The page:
Botulinum Toxin Treatment of Spasmodic Torticollis: Effects on Psychosocial Function

  • Marjan Jahanshahi
  • C. David Marsden


In torticollis, depression can be either secondary to the onset and experience of living with the illness or result from the primary central neurotransmitter dysfunction. The results of a number of previous studies have suggested that in torticollis depression may develop as a reaction to the postural abnormality of the head. One hundred patients with torticollis were more depressed than an equally chronic group of cervical spondylosis sufferers (Jahanshahi & Marsden, 1988). In torticollis, depression centered around a negative view of the self and disfigurement accounted for 14% of its variance (Jahanshahi & Marsden, 1990a). In a sample of 67 torticollis patients, a number of psychosocial variables (self-deprecation, satisfaction with available social support, maladaptive coping) together with disability and extent of control over head position accounted for 75% of the variance in depression. The self-deprecation associated with the negative body concept resulting from the postural abnormality emerged as the major predictor of depression (Jahanshahi, 1991). Longitudinal follow-up of these patients over 2.5 years showed that change in the clinical status of torticollis had a significant effect on depression, disability, and body concept (Jahanshahi & Marsden, 1990b).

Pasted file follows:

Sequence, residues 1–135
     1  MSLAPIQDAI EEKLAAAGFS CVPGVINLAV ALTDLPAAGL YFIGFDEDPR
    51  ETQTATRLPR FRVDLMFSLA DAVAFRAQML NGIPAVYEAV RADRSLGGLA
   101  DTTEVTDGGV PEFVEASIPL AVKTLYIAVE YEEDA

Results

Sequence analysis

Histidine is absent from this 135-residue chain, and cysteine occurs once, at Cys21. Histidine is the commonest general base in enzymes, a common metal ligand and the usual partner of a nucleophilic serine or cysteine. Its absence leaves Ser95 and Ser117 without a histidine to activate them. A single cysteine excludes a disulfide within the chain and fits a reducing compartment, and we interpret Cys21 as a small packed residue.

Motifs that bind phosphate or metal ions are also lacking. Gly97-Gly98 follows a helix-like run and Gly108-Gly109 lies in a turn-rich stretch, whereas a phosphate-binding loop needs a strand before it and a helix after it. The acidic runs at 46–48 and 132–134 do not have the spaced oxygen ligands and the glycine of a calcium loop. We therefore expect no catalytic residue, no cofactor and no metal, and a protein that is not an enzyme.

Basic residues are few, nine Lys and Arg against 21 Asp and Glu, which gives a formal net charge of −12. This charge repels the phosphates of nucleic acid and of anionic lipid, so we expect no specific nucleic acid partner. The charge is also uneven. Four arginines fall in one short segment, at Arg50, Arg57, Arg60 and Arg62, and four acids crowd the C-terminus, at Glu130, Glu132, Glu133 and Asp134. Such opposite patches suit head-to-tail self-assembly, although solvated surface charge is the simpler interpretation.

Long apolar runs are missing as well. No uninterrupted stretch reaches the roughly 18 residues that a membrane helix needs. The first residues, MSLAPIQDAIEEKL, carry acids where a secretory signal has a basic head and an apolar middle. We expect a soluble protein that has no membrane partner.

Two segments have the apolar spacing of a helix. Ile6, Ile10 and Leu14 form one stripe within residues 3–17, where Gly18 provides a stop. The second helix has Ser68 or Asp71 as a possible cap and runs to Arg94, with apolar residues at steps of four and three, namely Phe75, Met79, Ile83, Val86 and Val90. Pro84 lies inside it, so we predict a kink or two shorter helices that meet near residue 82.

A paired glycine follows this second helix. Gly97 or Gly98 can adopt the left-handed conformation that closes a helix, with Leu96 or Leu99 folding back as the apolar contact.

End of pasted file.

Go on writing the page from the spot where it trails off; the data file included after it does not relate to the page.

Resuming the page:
Botulinum Toxin Neck Pain Botulinum Toxin Injection Maladaptive Coping Postural Abnormality 
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Copyright information

© Springer Science+Business Media New York 1993

Authors and Affiliations

  • Marjan Jahanshahi
    • 1
  • C. David Marsden
    • 1
  1. 1.Medical Research Council Human Movement & Balance Unit & Department of Clinical NeurologyInstitute of Neurology The National Hospital for Neurology & Neurosurgery Queen SquareLondonUK

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